Post deployment illness Gulf War

The ground war lasted four days and resulted in 147 battlefield deaths, but almost 199,000 of the 698,000 people who were deployed have since qualified for some degree of service-related disability. Of those, 13,317 people are disabled by "undiagnosed conditions"; Medically Unexplained Symptoms; Medically Unexplained Physical Symptoms (MUPS) or Unexplained Symptoms

Tuesday, November 02, 2010

What piece of mind for Gulf War Veterans

Finally, piece of mind for Gulf War Veterans

A long-anticipated report was recently and finally issued that
brought comfort to many Gulf War veterans and their families. The
report issued by the Congressionally-mandated Research Advisory Com-
mittee on Gulf War Veterans' Illnesses in conjunction with the
Boston University School of Public Health reached an important
conclusion ? simply put: there is substantial and overwhelming
evidence that Gulf War Syndrome is a real illness.

The Committee report is important news for Gulf War veterans and
their families. At long last, they have validation that the health
issues they live with each day are real, there is a name for their
illness, and there is hope that they can finally get the treatment
and disability benefits that they are entitled to receive.

Not long after the successful conclusion of the Gulf War, many
soldiers returned home with multiple, persistent health problems
that had no clear cause and no cure. The symptoms experienced by
these veterans included a combination of memory and concentration
problems, persistent headaches, unexplained fatigue and widespread
pain, and also included chronic digestive problems, respiratory
symptoms and skin rashes.

Unfortunately, Gulf War veterans' complaints about their health
issues fell on deaf ears at the VA and within the Pentagon. As
Chairman of the Senate Veterans Affairs Committee in the early
1990s, I believed it absolutely necessary to get to the truth ? no
matter how uncomfortable it would be for the Pentagon or the VA.

Throughout the 1990s, those of us on the Senate Committee on
Veterans' Affairs held numerous, often contentious, hearings into
what would come to be known as Gulf War Syndrome or Gulf War
Illness. The Pentagon and the VA never officially acknowledged the
cause of these symptoms. Despite the lack of an official cause, it
became clear through our investigation that pyridostigmine bromide,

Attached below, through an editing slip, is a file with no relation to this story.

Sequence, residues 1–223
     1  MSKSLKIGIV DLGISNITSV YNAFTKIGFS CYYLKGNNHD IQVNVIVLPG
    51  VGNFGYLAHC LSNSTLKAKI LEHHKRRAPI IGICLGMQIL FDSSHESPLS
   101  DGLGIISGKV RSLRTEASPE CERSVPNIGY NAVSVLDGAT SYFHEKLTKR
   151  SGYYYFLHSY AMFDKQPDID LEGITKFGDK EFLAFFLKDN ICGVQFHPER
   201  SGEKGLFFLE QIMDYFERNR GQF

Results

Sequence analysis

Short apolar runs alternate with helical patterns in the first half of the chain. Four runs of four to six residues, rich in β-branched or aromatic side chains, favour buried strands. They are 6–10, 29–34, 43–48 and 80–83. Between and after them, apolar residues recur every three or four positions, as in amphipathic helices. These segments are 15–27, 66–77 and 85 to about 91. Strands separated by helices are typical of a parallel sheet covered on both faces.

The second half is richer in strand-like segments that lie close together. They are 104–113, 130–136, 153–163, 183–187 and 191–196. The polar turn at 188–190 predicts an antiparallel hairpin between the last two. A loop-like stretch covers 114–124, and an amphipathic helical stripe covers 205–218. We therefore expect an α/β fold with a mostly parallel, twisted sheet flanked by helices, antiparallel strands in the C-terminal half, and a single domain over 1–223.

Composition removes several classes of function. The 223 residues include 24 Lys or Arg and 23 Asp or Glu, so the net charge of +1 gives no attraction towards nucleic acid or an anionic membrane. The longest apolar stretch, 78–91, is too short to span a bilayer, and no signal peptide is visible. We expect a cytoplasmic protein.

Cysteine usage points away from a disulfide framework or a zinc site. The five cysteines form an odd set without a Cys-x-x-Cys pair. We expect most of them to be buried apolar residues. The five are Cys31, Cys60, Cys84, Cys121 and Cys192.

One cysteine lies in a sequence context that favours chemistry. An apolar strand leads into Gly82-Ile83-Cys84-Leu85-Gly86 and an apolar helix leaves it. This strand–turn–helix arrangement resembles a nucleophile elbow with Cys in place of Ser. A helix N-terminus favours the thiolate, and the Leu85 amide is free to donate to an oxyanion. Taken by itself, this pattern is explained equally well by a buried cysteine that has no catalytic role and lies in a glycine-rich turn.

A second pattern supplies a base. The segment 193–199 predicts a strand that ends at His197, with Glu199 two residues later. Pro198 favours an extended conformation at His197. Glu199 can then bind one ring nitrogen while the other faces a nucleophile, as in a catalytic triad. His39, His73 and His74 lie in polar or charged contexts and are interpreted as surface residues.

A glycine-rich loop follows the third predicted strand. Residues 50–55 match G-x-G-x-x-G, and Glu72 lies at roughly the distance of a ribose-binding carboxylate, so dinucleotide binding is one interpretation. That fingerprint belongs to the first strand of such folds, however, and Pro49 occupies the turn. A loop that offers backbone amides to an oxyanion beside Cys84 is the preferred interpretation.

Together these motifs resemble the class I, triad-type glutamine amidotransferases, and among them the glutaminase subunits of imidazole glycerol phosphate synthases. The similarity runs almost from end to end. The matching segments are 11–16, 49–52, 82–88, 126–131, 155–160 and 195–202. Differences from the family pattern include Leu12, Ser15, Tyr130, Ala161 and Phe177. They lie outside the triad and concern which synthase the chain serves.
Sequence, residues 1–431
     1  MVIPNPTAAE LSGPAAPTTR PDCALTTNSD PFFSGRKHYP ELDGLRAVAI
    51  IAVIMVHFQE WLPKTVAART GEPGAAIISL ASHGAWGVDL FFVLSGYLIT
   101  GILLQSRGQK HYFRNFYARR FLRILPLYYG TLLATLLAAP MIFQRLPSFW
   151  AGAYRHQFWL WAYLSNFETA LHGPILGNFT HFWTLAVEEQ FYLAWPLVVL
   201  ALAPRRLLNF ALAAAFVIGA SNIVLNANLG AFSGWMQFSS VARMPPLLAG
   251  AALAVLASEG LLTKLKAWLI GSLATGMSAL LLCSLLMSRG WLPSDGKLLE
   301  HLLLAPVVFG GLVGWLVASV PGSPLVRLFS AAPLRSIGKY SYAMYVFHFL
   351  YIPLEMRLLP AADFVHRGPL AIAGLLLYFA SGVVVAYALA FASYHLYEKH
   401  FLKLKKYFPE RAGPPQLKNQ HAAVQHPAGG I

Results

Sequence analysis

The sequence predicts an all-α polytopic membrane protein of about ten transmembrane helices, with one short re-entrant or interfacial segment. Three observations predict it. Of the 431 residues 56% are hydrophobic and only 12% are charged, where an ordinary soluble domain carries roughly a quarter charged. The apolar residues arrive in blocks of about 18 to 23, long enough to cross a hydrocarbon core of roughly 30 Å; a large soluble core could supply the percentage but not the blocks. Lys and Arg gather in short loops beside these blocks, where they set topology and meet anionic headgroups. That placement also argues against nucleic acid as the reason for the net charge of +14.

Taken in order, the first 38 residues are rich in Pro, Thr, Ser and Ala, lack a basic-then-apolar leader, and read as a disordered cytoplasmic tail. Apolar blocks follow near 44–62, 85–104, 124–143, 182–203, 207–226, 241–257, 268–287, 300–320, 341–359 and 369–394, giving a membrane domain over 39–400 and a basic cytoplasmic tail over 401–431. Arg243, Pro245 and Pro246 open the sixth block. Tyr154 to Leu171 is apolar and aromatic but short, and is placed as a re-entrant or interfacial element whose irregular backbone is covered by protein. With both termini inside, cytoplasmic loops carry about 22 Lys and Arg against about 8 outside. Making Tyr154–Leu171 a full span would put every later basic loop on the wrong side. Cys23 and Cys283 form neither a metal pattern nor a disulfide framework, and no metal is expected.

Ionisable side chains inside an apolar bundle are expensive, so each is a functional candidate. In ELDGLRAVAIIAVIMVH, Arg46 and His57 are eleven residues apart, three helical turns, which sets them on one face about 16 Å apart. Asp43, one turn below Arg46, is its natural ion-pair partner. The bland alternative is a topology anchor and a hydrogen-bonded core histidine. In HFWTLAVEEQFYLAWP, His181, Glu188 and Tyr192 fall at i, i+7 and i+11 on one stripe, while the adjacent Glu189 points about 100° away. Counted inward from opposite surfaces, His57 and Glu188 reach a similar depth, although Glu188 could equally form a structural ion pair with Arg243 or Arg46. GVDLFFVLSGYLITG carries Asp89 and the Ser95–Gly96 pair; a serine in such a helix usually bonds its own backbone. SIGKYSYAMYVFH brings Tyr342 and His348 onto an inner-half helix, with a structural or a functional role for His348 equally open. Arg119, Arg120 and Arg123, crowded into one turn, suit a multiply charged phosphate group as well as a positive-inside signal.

a "pretreatment" for nerve agent poisoning, was at least one cause
for the symptoms experienced by Gulf War veterans.

Now, 17 years later, the Congressionally-mandated Research Advisory
Com-mittee on Gulf War Veterans' Illnesses has officially released a
450-page report that validates these suspicions. It confirms Gulf
War Illness is a result of soldiers' exposure to neurotoxic
chemicals, including pyridostigmine bromide and pesticides. The
Committee also found that the association between exposure to smoke
from oil well fires, neurotoxins, and the receipt of large numbers
of vaccines could not be ruled out as causes as well.

This report confirms the cause of Gulf War Illness, but sadly, it
also states that the majority of sick Gulf War veterans have not
seen their health improve over time. Treatment options for the
175,000 ? 210,000, or one in four, Gulf War veterans suffering from
the effects of neurotoxin exposure remain few and ineffective.

We have a moral responsibility to provide care for Gulf War
veterans. They served our country, put their lives on the line and
fought with great distinction. I will not stop fighting until our
veterans are provided with every resource and benefit they have

More research must be conducted into the proper treatment of this
illness. I am pushing now for increased funding that will keep this
issue front and center ? and bring us closer to finding a cure.

I have been working for Veterans my entire career. As a nation, we
owe them everything and can never forget how much they have
sacrificed and how deserving they are of piece of mind, support, and
a special thing called hope.

(PS) as lived by Venus Hammack a VA-DHA patient



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